Our research focuses on depression in adolescents and adults, primarily investigating individual differences in response to stress and negative affect, with a secondary interest in understanding comorbid anxiety disorders. Our work bridges cognitive, biological, and clinical science and uses both experimental and experienced sampling techniques. Please see below for additional information about current research projects.
Stress & Resilience:
This study investigates the link among stress, adaptive emotion regulation strategies, and symptoms of depression in participants with Major Depressive Disorder (MDD). We are also examining whether reductions in rumination mediate the relation between adaptive emotion regulation strategies and biological and emotional responses to stress.
This research study aims to better understand the mechanisms underlying rumination by investigating the relation between rumination and cognitive control biases. We are examining multiple types of cognitive control biases in order to examine which best predicts ruminative responses to a naturalistic stressor.
Students’ Transition to High School:
This study examines predictors of psychological distress versus resilience during the transition from elementary school to high school, an under-studied period of development during which rates of mental illness substantially increase. We are working to answer questions such as: What makes the transition from elementary school to high school difficult? What makes this transition easier? How can we use this information to help students during their transition to high school? For more information on how to participate, please visit startinghighschool.ca !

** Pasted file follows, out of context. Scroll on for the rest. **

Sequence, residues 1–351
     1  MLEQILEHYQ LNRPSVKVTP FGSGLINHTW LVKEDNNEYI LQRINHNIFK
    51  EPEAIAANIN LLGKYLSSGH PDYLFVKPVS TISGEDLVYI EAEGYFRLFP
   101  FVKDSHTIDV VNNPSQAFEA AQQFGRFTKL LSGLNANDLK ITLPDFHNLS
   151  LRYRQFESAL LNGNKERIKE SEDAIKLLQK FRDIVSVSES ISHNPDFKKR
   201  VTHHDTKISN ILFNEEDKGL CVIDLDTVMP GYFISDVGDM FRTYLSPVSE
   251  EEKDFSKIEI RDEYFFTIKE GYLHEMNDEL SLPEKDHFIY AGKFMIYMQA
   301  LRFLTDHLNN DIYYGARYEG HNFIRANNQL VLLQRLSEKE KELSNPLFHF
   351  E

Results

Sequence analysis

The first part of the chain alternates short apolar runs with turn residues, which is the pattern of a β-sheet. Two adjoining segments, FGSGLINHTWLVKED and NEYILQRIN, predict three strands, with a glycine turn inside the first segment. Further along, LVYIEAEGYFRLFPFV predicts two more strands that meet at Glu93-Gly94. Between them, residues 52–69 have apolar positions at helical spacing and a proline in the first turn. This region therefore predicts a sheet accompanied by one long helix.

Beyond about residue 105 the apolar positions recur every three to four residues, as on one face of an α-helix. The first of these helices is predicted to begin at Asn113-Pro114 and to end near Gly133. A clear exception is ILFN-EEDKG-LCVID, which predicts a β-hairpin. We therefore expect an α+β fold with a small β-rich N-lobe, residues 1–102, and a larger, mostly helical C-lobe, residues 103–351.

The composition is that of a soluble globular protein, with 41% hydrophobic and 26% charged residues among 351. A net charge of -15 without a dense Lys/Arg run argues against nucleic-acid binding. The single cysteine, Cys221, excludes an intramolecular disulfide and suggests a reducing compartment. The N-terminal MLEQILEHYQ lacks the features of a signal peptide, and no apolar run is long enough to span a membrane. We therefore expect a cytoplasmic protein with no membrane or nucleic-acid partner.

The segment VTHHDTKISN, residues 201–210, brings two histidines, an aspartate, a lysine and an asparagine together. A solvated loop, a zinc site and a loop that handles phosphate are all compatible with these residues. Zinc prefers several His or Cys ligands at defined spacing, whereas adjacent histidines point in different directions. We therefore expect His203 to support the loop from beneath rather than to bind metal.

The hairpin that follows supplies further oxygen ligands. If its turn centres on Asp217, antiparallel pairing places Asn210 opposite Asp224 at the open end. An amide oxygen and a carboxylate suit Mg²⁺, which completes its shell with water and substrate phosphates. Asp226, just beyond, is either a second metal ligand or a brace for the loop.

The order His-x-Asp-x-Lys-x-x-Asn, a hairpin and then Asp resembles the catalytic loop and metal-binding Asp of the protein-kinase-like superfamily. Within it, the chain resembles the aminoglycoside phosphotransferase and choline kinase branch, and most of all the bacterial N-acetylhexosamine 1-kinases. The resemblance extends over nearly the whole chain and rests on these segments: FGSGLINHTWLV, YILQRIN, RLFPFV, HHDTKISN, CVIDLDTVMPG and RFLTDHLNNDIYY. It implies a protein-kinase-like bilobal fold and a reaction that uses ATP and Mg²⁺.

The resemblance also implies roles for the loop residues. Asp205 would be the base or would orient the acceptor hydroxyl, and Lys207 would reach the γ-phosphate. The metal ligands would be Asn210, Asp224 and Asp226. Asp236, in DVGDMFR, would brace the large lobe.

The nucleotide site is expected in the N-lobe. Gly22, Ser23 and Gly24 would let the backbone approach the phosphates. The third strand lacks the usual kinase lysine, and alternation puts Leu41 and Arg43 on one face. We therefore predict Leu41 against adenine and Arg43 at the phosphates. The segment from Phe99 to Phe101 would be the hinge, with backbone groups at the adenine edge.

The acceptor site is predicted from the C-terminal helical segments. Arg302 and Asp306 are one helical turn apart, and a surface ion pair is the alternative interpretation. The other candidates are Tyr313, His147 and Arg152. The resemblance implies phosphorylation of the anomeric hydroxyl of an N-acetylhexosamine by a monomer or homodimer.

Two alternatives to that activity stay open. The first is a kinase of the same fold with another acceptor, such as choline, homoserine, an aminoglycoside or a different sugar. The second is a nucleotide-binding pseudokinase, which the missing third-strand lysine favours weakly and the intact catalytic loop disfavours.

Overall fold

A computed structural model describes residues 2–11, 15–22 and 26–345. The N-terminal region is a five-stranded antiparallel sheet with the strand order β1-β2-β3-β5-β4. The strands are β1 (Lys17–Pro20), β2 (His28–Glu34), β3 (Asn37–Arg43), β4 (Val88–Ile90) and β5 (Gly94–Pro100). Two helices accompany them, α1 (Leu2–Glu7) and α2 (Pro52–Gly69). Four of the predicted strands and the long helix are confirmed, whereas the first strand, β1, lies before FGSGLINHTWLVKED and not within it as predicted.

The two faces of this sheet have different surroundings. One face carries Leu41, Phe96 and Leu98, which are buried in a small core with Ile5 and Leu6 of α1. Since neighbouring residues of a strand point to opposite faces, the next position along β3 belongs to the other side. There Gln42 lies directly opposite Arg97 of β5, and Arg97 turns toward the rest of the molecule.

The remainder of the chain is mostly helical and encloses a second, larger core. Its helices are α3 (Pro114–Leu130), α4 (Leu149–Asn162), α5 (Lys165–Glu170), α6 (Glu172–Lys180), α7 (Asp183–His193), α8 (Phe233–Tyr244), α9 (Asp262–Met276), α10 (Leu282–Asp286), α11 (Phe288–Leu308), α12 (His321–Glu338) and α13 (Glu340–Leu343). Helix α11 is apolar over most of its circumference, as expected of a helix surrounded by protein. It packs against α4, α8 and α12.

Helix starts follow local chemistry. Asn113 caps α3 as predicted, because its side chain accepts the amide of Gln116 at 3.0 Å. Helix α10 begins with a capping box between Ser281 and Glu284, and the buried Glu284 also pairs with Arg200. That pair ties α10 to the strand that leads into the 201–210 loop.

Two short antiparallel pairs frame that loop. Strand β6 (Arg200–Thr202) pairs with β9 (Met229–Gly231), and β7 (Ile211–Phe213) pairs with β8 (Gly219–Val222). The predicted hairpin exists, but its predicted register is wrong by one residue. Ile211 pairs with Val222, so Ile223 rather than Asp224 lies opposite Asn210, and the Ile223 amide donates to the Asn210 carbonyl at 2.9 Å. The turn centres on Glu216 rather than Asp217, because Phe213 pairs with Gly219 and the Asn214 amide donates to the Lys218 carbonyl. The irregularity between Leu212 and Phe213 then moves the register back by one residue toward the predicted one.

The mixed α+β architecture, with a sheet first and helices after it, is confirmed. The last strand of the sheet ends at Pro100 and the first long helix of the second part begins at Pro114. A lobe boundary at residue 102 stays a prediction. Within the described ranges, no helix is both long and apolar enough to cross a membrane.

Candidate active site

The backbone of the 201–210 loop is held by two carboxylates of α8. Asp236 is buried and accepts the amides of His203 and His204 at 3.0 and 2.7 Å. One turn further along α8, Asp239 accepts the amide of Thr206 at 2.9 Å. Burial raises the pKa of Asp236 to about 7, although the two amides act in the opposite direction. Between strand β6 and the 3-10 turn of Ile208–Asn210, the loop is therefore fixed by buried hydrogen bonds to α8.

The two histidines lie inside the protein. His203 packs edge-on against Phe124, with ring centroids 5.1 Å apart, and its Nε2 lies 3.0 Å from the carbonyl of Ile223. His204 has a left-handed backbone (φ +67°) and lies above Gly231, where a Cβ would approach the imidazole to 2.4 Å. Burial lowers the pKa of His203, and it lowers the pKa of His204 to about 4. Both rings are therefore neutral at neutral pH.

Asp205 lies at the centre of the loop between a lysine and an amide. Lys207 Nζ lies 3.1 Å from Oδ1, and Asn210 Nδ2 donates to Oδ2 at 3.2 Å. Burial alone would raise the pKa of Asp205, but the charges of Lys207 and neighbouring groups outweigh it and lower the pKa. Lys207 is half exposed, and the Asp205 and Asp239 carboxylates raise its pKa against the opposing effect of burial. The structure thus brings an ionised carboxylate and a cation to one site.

The aim of this project is to improve the efficiency of treatment selection for depression. Currently, the tools available to facilitate decision-making for depression treatment are limited, and a trial-and-error approach is often used to identify the most effective intervention. Previous research shows that early changes in emotionally biased cognition may predict later reductions in depressive symptoms. Therefore, we are using behavioural measures of emotionally biased cognition to examine whether the changes in emotional bias produced by pharmacological (antidepressant or mood stabilizer) and psychological (cognitive behavioural therapy) treatments may predict remission from depression. These measures, if shown to predict treatment effects, may be useful for streamlining decision-making in the initial selection of interventions for depression.
The Comorbidity Project:
Epidemiological research shows that Major Depressive Disorder (MDD) and Social Anxiety Disorder (SAD) frequently co-occur. Compared to non-comorbid individuals, persons with comorbid MDD and SAD report greater impairment in social and occupational functioning and poorer response to treatment. In this study, we are examining how biological, emotional and cognitive processes predict the course of depression and social anxiety symptoms. Through this research, we hope to inform etiological models and treatment decisions for pure and co-occurring MDD and SAD.